Whereas Man U might want everyone to forget about 2009, Barcelona supporters suggest the dynamics are not too much different than 24 months ago in Rome. That, Man U is really no better-equipped to disrupt the devastating Barca midfield axis centered upon the almost telepathic understanding between longtime stalwarts Xavi and Iniesta and the rest of the Camp Nou strike force than it was at Stadio Olimpico in 2009.



Indeed, supporters of the Azulgrana will suggest that the attacking options are richer than ever for Barca thanks to the summer addition of David Villa from Valencia. With Villa and Pedro attacking from the flanks in Pep Guardiola?s 4-1-2-3, Barca has the ability to stretch the width of the field in the attack zone and create extra space for the incomparable Lionel Messi, who scored almost one-third (50) of Barca?s goals in all competitions this season and cut open the Man U defense for the clinching goal two years ago. Compared to last season, at least, this looks like a more irresistible Barcelona offensive machine with Villa a vast improvement upon the departed Zlatan Ibrahimovich, who famously disappeared in the UCL semifinal setback against Inter a year ago before his move to AC Milan. Meanwhile, many European observers believe the Barcelona defense is vastly underrated, and that now-healthy Carlos Puyol and ex-Man U charge Gerard Pique comprise one of Europe?s best defensive blockades in front of capable GK Victor Valdes, as they did in last summer?s World Cup in front of Iker Casillas.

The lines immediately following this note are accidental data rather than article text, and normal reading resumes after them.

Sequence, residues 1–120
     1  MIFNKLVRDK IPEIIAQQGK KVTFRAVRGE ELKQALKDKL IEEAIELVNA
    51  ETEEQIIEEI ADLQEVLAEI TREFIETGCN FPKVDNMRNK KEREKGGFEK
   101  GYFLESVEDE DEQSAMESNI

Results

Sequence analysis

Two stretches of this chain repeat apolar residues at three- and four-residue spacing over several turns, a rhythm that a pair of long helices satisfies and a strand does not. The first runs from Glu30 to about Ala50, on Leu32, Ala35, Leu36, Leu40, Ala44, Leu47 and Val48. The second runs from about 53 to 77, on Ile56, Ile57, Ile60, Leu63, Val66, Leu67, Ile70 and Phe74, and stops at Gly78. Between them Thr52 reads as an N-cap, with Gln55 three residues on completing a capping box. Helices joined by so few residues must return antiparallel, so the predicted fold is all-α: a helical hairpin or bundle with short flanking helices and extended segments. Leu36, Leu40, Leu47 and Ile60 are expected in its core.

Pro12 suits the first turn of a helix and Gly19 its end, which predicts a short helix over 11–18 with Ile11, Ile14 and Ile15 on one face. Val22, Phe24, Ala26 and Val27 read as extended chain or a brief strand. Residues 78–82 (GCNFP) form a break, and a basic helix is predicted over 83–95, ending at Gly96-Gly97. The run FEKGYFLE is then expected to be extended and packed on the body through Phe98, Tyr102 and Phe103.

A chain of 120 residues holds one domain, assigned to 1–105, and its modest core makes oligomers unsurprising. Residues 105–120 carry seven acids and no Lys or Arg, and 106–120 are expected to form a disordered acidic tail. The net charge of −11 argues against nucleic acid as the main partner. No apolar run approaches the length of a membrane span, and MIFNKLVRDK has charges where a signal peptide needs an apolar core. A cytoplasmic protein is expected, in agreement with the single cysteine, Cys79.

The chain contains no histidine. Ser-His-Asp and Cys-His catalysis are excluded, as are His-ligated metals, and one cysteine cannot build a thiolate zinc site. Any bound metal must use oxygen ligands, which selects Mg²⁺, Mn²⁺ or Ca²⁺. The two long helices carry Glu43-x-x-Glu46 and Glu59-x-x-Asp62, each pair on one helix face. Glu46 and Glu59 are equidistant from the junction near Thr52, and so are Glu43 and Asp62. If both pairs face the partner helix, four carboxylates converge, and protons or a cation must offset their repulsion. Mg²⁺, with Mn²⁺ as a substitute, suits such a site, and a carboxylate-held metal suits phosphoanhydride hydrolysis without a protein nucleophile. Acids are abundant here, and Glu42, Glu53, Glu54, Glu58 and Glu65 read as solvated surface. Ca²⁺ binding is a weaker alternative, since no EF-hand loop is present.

Some maintain that last year?s loss to Jose Mourinho?s Inter provided the road map to upsetting the Barca applecart, but the San Siro crew presented rare awkward matchups. Inter owned a force in the center of the pitch, Wesley Sneijder, who could disrupt the possession game that Barca likes to employ, while having the sort of components such as Sniejder and Javier Zanetti to knock the smaller Messi off of his pins, and a lineup comprised of eight athletic South Americans who were able to combine speed and brute strength to neutralize the Barcelona weaponry. Can Man United hope to do the same?